Ana C. Rivera-Burgos is a graduate student in the North Carolina Cooperative Fish and Wildlife Research Unit, North Carolina State University. Jaime A. Collazo is U.S. Geological Survey scientist and Assistant Unit Leader, North Carolina Cooperative Fish and Wildlife Research Unit, North Carolina State University. Adam J. Terando is U.S. Geological Survey research ecologist, Department of Interior Southeast Climate Adaptation Science Center. The following work is associated with SE CASC project, Climate Change Implications for the Conservation of Amphibians in Tropical Environments.
Puerto Rico is the smallest and eastern most of the Greater Antilles (about 1,000 miles east of Miami, Florida). The other Greater Antilles are Cuba, Hispaniola and Jamaica. Because it is so isolated, Puerto Rico has very few species of mammals (except for bats) and fresh water fishes. However, other groups of animals – like amphibians – are diverse and many are found only in Puerto Rico. The island is home to 25 species of frogs, of which 17 species belong to the genus Eleutherodactylus (the inset shows E. wightmanae, melodious coqui) . Although some Eleutherodactylus species are widely distributed and abundant (e.g., E. coqui or common coqui), many are specialized with ranges restricted to high mountain forests (e.g., E. portoricensis, E. wightmanae) or to lowlands and grassy habitats (e.g., E. brittoni, E. antillensis).
A unique feature of Eleutherodactylus species is that they exhibit direct-development . In other words, they are not dependent on a tadpole stage during their growth to adults. This attribute helps them to pioneer and thrive in habitats away from permanent bodies of water. These frogs, along with lizards, play an important ecological role, notably in ecosystem energy flow. They effectively prey on invertebrates and their metabolic wastes (urine, feces) play an important role in nutrient cycling, returning nitrogen and phosphorous to soils, which also promote bacteria growth that help with leaf litter decomposition .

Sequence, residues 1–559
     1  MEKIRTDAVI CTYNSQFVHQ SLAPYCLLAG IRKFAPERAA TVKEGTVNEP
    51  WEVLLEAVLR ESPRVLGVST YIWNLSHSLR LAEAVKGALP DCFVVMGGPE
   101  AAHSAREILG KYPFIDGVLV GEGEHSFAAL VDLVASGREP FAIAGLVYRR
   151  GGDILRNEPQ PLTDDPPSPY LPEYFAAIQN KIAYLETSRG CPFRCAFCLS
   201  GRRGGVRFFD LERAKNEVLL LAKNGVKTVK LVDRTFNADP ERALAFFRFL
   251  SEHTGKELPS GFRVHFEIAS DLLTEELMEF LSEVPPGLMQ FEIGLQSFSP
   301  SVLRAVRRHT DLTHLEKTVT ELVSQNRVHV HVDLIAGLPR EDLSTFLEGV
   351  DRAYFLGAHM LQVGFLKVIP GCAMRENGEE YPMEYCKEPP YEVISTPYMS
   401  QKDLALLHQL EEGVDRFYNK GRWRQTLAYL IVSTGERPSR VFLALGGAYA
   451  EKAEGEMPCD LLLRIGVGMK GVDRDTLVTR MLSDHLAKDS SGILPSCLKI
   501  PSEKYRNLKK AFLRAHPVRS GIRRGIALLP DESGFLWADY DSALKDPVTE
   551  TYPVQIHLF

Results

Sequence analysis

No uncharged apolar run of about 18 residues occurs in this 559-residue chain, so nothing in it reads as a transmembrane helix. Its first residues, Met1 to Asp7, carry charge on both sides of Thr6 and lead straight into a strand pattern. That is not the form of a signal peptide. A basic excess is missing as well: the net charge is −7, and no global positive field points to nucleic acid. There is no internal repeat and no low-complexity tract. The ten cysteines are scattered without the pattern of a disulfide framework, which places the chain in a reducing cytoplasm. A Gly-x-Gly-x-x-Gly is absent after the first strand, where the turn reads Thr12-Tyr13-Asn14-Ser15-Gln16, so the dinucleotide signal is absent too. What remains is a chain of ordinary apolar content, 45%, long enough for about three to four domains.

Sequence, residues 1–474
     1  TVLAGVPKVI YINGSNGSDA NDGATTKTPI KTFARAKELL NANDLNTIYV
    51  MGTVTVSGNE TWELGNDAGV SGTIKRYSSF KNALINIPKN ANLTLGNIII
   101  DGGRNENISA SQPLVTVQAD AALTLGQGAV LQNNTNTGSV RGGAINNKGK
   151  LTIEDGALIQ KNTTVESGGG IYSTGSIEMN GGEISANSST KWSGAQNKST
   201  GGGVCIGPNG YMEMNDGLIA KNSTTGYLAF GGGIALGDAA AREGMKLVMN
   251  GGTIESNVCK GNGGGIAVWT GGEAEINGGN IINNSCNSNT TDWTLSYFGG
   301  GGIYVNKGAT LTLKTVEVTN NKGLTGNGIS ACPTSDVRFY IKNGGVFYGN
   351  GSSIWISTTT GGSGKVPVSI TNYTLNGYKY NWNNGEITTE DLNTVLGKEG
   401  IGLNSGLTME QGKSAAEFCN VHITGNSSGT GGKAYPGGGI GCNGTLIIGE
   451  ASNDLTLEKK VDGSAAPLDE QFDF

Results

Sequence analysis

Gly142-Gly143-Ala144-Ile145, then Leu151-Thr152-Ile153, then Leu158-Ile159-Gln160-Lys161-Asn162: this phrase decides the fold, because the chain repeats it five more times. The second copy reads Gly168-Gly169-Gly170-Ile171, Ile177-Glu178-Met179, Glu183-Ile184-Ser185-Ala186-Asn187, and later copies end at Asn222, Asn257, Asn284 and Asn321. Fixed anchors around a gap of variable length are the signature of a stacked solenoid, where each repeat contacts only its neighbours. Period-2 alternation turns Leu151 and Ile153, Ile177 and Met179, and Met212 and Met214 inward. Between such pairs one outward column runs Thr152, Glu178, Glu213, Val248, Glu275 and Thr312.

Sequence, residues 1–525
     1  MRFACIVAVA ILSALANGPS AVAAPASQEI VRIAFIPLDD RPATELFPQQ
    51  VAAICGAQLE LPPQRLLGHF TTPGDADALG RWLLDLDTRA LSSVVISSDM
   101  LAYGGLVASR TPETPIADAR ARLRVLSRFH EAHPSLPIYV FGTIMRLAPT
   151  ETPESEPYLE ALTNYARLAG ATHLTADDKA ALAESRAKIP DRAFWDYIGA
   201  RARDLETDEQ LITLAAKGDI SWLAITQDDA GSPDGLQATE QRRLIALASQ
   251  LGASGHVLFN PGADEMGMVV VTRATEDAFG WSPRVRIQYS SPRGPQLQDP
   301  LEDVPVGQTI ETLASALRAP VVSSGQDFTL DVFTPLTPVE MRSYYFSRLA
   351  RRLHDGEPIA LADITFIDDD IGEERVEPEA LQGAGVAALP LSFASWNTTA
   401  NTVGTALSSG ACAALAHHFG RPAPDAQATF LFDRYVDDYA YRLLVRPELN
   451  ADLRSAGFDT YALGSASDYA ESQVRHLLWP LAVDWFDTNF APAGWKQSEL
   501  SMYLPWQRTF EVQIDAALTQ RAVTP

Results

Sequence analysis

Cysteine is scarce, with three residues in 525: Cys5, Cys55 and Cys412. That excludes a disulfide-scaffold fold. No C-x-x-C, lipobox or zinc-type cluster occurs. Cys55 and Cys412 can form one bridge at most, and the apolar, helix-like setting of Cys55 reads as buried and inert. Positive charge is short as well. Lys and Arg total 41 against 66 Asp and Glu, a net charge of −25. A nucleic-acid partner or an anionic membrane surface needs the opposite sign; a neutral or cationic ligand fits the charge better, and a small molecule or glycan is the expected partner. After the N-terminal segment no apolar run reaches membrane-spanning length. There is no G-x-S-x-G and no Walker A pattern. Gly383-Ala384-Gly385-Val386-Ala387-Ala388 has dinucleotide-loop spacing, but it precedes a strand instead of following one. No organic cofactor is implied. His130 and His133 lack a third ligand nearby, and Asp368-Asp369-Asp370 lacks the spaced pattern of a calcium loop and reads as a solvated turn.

Undoubtedly, the unique life history traits of Eleutherodactylus and the ecological services they provide (e.g., nutrient cycling, insect control) make them a conservation treasure. Unfortunately, most species (14) are at risk of becoming endangered. Two are already listed by the USFWS as endangered, and one is believed to be extinct. The primary cause of endangerment is habitat loss and degradation, primarily driven by urban sprawl and historic land use changes associated with agriculture in the 20th century [3, 4]. More recently, mounting evidence is suggesting that warming trends are taking its toll on populations through two mechanisms. First, because most species can only survive within a narrow temperature range, warmer and drier trends have triggered local extirpations of two species (E. eneidae and E. karlschmidti) at lower elevations at El Yunque National Forest . Second, warmer temperatures have increased the incidence of a pathogenic chytrid fungus (Batrachochytrium dendrobatidis) in coqui frogs, causing decreased survival and reproduction .
The U.S. Fish and Wildlife Service and the Puerto Rico Department of Natural and Environmental Resources want to develop a portfolio of objectives and actions that could help enhance the status of endangered species, and importantly, prevent the endangerment of species considered at-risk. Responding to this need, the U.S. Geological Survey, North Carolina Fish and Wildlife Research Cooperative Unit, and Southeast Climate Adaptation Science Center were recruited to assist with the development of baseline knowledge and adaptation strategies to address the second objective – preventing endangerment of species at-risk. Our approach is multi-disciplinary, incrementally addressing different objectives to build a comprehensive but well-informed adaptive conservation strategy. Research topics include determining factors influencing occupancy, abundance, and reproduction, establishing physiological limits, discerning genetic structure, and making relevant urban and climate projections. This information is needed to inform decisions regarding the timing and implementation of adaptation strategies. Two examples are enhancing landscape connectivity and translocations [7, 8]. Our initial work in 2015-16 focused on determining species-habitat relationships along altitudinal gradients and among three dominant types of land uses in the mountainous region of the island. This work sheds light on factors influencing the presence and abundance of three focal species, namely, E. wightmanae, E. britonni, and E. antillensis, and set the foundation to address other project objectives [1, 9].